Posts from the meal Category

2 diebenkorn phillips collection3 laib wax room phillips collection 4 afterwords cafe 5 afterwords crabcake pasta 6 astro doughnuts dc 7 astro doughnuts on the rack 8 astro doughnuts cinnamon and lemon blueberry doughnutsOne D.C. afternoon, I took the Red Line to Dupont Circle station. I walked one block west on Q Street to 21st Street and entered the doors of the Phillips Collection. Next, dreams came true.  Sitting on a bench in the Rothko Room, standing in the Laib Wax Room, turning the corner to encounter Bonnard, Diebenkorn, Grandma Moses, and The Migration Series.  I consciously reminded myself to breathe.

Hours later I walked back onto the street and consciously reminded myself to eat.  Crabcake pasta at Afterwords Cafe, and a buy-one, get-one-free good fortune at Astro Doughnuts (cinnamon and lemon-blueberry, respectively).  It was more than two weeks ago, and I am still gathering my thoughts about that one May afternoon.

split peas sorted and left out

5 split green pea rice sweet potato bacon bowl

split green pea and sweet potato dip with black bean chips

1 split green pea broth coriander colander

split green pea soup in a mug with bacon garnish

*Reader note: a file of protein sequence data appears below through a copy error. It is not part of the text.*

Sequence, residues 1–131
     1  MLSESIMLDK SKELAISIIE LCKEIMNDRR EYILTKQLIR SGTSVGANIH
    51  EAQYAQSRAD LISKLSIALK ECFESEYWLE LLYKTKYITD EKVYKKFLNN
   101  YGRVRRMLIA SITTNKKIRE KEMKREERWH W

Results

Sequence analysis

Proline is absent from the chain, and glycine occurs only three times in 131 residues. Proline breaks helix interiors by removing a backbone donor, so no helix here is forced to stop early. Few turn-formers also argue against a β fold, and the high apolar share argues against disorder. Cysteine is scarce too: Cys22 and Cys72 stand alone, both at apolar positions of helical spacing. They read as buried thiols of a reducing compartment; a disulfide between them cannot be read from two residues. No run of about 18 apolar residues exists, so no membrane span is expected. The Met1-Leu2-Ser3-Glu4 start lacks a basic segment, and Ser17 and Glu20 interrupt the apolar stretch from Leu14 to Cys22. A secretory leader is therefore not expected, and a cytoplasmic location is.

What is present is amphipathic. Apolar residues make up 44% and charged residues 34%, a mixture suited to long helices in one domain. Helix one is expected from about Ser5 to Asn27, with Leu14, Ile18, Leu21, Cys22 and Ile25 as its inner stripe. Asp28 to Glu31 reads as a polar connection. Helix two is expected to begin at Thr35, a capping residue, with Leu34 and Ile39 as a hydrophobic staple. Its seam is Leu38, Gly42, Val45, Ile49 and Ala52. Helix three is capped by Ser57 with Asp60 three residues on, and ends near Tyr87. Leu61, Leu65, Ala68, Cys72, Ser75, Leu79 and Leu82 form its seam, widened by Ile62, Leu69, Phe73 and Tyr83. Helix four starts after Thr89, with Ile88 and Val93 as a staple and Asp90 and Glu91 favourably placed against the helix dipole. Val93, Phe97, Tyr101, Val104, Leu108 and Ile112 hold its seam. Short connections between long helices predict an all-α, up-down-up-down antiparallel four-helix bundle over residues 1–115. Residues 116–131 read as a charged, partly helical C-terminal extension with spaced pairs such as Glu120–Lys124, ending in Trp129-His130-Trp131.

It all starts with a crock of split peas on Sunday and eventually evolves into my favorite silky soup by the time Tuesday rolls around. Bonus transition time snack: split pea sweet potato dip. I am convinced the in between days are what makes this soup a promisingly tasty journey from start to finish. My steps are loosely recorded below.

Day 1: Toss in a few cups of split peas, a few cups of vegetable stock, a little water, and seasonings (salt, pepper, I switch up between cumin & ground coriander) in a crock pot. Either cook on high for 2 hours or low for about 6 hours. Roast some sweet potatoes and bacon in the oven (do it together if there are no vegetarians on the premises and by all means throw in some garlic cloves): sweet potatoes tossed in olive oil, salt, pepper, sometimes cumin, and bacon sprinkled with your preferred sweet granules. Bake for 20 minutes in 350-degree oven, remove bacon, bump heat up to 400-degrees, and finish roasting sweet potatoes for an additional 15 minutes. I like to eat all of these things together with arborio rice.

Day 2: Synthesize the left over split peas and roasted sweet potatoes in your blending mechanism with the amount of olive oil necessary to achieve a spreadable or dippable consistency. Black bean chipotle chips are recommended utensils, though carrots and celery maintain their respective merits.

Day 3: Use leftover dip to create a silky soup. Thin the dip down by adding hot water or stock. Crème fraîche or sour cream also slides in a tangy edge. A bacon garnish never hurt either.